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All Woman


Country still struggling with issues affecting women

Nadine Wilson
Monday, July 30, 2012


WHILE Jamaica was able to point to strides made in advancing women in positions of leadership, Minister With Responsibility for Information Sandrea Falconer conceded that the country was still struggling to deal with issues such violence against women and girls, the trafficking in and sexual exploitation of women, and the sexual harassment of women both in the workplace and within the general society.

In a statement presented at the 52nd session of the Committee on the Elimination of Discrimination Against Women (CEDAW) earlier this month, Falconer told the UN Committee in New York that while there has been considerable advancement in women's rights, the global economic and financial crises were creating new challenges for the government.

The financial challenges being faced by some women was, for example, cited as one of the reasons for the growing problem of trafficking in persons, which involves the sexual exploitation of women and girls.

"A major challenge is that increased levels of poverty heighten the vulnerability of women and girls to human trafficking and sexual exploitation. This in turn increases their risks of HIV infection and violence," she said.

She noted that the government has established an inter-ministerial committee of the cabinet to oversee measures geared towards reducing incidences of trafficking in persons. She also pointed out that the government intends to intensify the delivery of public education programmes, provide protection to victims, and place greater emphasis on providing support that would ensure the successful prosecution of perpetrators.

Given the continued sexual exploitation of women and girls, Falconer said the Centre for Investigation of Sexual Offences and Child Abuse (CISOCA), has been strengthened and expanded to facilitate better reporting and investigation of these cases. Work has also started on the Sexual Harassment Policy to address the issue of sexual harassment of women in the workplace and in the general society.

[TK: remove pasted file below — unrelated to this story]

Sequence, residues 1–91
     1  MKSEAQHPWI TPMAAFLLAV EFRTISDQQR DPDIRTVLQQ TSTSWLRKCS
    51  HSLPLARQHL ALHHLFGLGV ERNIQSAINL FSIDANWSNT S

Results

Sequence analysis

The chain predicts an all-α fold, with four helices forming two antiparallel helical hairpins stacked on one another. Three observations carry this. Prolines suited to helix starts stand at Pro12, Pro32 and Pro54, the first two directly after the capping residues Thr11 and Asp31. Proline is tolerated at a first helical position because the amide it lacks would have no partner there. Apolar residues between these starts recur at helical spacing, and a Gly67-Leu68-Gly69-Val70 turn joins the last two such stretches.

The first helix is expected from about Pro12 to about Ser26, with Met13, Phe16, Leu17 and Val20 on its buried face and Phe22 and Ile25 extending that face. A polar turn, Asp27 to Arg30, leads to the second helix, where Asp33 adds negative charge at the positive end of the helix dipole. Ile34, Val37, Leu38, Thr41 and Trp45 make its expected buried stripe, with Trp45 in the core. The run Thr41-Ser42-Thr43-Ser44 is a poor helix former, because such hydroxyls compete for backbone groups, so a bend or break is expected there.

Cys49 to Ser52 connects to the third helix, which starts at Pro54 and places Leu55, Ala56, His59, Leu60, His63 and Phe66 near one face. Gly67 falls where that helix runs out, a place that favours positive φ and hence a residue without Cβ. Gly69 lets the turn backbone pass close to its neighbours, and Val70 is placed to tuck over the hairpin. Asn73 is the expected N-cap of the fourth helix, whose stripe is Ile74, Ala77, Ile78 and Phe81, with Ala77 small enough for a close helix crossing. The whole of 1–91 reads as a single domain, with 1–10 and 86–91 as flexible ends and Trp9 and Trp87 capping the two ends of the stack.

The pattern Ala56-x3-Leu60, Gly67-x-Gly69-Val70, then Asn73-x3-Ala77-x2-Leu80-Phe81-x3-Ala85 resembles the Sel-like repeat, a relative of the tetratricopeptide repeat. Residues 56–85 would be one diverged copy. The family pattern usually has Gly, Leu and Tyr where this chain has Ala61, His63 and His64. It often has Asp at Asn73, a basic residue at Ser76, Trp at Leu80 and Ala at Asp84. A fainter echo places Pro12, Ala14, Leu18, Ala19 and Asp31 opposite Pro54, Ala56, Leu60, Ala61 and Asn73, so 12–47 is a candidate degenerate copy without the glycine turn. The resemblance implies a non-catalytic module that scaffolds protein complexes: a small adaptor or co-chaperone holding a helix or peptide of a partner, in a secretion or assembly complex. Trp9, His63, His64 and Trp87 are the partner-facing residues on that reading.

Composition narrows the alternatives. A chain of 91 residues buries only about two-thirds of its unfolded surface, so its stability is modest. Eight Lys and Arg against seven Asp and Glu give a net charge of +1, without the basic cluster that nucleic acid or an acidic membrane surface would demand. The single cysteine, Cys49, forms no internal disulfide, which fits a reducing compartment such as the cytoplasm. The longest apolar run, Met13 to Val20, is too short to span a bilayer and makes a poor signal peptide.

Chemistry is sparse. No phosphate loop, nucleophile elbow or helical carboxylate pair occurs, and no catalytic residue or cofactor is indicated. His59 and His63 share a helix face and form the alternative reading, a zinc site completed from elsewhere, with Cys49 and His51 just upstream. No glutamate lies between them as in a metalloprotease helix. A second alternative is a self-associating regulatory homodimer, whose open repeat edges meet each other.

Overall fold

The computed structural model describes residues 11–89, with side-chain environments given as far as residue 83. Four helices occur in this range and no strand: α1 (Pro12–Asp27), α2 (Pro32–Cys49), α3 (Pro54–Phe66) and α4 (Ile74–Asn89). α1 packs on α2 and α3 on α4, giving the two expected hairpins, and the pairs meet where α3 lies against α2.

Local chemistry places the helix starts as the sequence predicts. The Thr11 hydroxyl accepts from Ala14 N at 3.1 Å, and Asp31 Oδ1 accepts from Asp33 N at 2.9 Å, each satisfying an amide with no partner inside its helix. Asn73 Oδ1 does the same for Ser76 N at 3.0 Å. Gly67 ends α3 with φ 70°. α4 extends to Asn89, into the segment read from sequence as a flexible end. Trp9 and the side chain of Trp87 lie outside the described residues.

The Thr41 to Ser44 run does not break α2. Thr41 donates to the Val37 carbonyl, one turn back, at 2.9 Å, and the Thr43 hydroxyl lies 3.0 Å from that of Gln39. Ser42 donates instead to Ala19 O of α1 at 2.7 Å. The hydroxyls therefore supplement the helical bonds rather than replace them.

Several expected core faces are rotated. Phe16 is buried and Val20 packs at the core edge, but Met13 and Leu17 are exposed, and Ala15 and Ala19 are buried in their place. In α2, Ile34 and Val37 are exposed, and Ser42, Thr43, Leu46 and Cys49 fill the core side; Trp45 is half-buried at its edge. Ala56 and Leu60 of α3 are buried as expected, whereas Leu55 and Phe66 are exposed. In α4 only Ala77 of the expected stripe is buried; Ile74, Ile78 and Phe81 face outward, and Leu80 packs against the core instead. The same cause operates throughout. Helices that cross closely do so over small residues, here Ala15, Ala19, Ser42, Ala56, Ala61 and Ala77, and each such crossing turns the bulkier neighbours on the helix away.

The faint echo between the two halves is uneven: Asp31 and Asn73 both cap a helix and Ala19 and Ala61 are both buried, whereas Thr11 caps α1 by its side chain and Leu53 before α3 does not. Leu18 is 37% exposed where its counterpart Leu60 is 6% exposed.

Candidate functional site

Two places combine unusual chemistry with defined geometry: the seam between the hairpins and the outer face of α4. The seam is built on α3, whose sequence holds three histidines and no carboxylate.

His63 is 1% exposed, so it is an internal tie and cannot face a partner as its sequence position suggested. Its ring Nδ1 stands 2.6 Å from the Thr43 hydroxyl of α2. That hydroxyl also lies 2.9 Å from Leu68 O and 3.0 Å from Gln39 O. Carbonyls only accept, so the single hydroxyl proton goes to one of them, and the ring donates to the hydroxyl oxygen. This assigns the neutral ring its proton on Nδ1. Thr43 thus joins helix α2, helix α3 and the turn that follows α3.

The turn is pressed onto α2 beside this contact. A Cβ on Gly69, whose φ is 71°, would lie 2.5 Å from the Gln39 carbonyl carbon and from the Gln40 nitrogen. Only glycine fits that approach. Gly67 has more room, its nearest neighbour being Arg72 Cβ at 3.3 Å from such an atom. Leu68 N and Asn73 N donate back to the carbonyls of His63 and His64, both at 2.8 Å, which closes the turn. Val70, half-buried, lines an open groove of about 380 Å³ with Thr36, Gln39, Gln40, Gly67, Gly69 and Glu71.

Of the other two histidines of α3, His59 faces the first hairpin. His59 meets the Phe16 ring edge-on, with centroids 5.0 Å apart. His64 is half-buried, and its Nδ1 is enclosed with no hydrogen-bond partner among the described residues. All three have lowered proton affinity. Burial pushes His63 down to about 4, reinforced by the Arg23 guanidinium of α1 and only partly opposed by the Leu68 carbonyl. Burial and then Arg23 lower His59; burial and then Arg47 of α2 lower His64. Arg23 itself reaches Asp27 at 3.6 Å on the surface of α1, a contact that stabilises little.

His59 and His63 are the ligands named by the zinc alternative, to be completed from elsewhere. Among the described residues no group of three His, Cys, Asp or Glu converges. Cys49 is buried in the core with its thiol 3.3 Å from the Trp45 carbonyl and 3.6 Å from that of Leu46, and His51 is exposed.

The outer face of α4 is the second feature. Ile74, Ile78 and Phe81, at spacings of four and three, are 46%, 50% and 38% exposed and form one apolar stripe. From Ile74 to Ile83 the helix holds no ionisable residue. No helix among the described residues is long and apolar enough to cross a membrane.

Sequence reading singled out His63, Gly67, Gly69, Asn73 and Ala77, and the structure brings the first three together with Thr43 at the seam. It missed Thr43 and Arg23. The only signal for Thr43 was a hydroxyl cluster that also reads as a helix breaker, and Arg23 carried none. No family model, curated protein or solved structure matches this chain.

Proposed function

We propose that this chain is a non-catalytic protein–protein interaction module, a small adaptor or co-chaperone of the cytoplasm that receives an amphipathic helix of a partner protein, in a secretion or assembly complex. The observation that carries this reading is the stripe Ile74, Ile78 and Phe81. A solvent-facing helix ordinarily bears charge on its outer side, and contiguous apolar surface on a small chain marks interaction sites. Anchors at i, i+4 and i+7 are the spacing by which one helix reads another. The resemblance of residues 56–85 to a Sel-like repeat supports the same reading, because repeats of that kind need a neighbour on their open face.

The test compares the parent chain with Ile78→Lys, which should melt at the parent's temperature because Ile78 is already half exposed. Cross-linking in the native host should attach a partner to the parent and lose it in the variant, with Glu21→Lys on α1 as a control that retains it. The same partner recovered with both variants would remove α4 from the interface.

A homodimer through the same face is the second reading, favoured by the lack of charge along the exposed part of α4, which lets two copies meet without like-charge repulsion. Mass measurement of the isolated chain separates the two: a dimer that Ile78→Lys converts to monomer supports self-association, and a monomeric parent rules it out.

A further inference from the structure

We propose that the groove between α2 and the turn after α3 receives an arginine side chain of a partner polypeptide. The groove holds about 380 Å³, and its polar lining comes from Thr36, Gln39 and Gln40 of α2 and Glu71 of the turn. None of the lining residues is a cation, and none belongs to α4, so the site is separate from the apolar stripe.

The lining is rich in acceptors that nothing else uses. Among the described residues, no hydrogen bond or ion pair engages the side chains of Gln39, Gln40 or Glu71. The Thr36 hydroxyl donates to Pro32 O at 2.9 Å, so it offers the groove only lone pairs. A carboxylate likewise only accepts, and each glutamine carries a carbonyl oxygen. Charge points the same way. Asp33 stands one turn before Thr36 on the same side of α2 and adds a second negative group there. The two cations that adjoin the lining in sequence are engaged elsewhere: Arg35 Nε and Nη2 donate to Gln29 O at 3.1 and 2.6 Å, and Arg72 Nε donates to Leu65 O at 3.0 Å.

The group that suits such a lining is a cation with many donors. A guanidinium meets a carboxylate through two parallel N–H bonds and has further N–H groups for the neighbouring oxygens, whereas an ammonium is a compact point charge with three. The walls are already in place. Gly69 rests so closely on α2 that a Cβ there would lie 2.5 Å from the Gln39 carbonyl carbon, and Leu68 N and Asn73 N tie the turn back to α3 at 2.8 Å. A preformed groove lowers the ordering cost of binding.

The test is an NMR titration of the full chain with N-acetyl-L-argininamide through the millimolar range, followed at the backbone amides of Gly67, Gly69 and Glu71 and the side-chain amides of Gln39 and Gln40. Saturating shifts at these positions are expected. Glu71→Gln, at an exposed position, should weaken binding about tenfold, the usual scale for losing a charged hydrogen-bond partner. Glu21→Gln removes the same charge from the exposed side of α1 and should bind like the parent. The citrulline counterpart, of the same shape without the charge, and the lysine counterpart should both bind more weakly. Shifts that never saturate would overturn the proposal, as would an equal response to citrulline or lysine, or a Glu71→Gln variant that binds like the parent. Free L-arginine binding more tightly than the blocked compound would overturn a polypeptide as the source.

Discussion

"The government recognises that the victims of sexual offences are often women from the lowest economic quintiles. This group has historically had poor access to justice," she said.

Other areas covered during Falconer's presentation to the UN Committee included the educational gains being made by women, legal reforms to promote gender equality, the plan for vision 2030, health care, as well as issues surrounding household workers and rural women. In addition to Falconer, the Jamaican contingent to New York included Ambassador of Jamaica to the United Nations, Raymond Wolfe; Chief Technical Director in the Office of the Prime Minister Colette Roberts-Risden; Executive Director of the Bureau of Women's Affairs, Faith Webster; O'Neil Francis from the Attorney General's Chambers, Gender Expert Dr Glenda Simms, and Counsellor, Permanent Mission of Jamaica to the United Nations, New York, Andrea Wilson. Also present were representatives from local non-government agencies such as Woman Inc's Dundeen Ferguson.



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